The escalating climate crisis is killing the yield of the world's most farmed crops, such as wheat and soybeans. Yield forecasts look dismal, the Environmental Health News writes—and that's an especially worrying proposition given that close to 2 billion experienced food insecurity in 2019, according to the Food and Agriculture Organization of the United Nations. To feed a population that the United Nations estimates will reach 9.7 billion by 2050, the industry will have to use its resources—particularly its water, fertilizer and labor—more judiciously.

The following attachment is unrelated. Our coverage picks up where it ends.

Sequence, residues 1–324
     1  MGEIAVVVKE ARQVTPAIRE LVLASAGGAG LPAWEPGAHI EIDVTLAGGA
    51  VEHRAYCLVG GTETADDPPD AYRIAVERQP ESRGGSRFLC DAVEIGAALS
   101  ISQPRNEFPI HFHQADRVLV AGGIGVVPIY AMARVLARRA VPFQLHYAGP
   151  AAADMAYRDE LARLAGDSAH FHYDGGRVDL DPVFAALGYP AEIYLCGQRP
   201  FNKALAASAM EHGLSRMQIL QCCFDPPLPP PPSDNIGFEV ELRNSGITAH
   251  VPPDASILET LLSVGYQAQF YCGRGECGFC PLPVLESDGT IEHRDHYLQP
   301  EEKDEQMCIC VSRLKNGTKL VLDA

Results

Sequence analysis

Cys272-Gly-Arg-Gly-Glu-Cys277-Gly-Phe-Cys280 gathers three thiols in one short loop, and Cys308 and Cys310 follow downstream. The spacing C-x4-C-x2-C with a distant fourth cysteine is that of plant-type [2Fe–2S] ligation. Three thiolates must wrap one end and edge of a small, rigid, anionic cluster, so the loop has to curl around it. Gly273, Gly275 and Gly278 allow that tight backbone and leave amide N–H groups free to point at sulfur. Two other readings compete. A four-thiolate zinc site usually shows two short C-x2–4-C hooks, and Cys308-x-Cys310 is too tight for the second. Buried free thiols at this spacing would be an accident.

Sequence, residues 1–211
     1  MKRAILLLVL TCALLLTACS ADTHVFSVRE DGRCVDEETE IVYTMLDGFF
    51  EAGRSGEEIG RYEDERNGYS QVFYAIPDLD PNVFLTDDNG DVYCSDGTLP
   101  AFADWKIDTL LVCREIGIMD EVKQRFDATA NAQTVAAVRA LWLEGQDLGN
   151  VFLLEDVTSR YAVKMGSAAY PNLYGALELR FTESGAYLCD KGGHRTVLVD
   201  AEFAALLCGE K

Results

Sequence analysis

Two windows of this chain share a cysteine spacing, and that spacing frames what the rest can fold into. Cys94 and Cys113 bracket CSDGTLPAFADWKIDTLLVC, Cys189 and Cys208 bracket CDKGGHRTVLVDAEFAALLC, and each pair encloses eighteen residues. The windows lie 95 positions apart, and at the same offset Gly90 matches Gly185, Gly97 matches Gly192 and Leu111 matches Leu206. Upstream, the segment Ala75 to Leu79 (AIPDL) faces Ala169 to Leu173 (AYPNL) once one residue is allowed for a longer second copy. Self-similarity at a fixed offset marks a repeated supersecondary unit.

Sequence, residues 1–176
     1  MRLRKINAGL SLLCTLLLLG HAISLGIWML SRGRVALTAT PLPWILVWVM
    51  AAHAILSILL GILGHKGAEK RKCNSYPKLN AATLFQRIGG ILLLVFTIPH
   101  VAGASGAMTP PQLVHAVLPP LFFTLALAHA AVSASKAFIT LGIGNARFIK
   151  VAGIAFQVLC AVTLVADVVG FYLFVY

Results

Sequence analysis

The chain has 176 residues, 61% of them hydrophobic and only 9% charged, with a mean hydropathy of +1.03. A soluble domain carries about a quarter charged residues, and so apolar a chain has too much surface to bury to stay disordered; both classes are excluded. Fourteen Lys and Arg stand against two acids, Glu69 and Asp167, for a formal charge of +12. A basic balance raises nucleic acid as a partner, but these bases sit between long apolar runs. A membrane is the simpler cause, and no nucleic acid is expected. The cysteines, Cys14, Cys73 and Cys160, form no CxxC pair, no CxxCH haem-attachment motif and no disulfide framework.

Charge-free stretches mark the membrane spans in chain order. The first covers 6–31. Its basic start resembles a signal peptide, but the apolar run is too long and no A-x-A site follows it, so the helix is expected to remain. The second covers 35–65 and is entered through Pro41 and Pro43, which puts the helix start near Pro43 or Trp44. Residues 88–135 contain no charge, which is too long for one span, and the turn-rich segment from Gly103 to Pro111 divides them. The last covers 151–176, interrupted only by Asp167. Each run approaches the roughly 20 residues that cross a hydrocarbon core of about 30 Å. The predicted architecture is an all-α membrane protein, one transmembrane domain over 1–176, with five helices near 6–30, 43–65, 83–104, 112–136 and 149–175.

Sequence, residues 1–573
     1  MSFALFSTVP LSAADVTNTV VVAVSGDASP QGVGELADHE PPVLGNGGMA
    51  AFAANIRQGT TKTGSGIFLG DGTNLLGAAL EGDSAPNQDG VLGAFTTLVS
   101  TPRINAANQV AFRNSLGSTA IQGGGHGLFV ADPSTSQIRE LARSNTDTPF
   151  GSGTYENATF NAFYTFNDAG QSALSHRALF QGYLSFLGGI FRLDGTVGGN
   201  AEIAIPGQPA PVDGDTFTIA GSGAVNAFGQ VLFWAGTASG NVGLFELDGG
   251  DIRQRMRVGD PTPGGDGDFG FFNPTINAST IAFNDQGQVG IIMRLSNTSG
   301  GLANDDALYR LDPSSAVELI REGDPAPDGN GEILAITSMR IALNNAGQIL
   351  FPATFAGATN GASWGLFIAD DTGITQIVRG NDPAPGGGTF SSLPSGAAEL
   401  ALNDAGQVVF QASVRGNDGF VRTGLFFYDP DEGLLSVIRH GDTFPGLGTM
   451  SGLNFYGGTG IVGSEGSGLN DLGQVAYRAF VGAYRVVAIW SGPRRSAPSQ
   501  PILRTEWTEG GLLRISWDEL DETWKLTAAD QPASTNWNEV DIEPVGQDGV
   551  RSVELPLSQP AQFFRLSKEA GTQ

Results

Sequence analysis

Current farming operations—such as tilling, planting, weeding and harvesting—are already executed at scale on industrial farms. But these processes too often run with a one-size-fits-all approach, leading to food waste. US farms alone waste 20 billion pounds of produce every year, according to Foodprint. IoT sensors, coupled with AI and machine learning algorithms, could fine-tune farming practices to optimize water and fertilizer use, harvest crops only when truly ready and squeeze more food out of every acre.
But harnessing the data from thousands of sensors will require faster networks with greater bandwidth. 5G can be the conduit the farm of the future needs.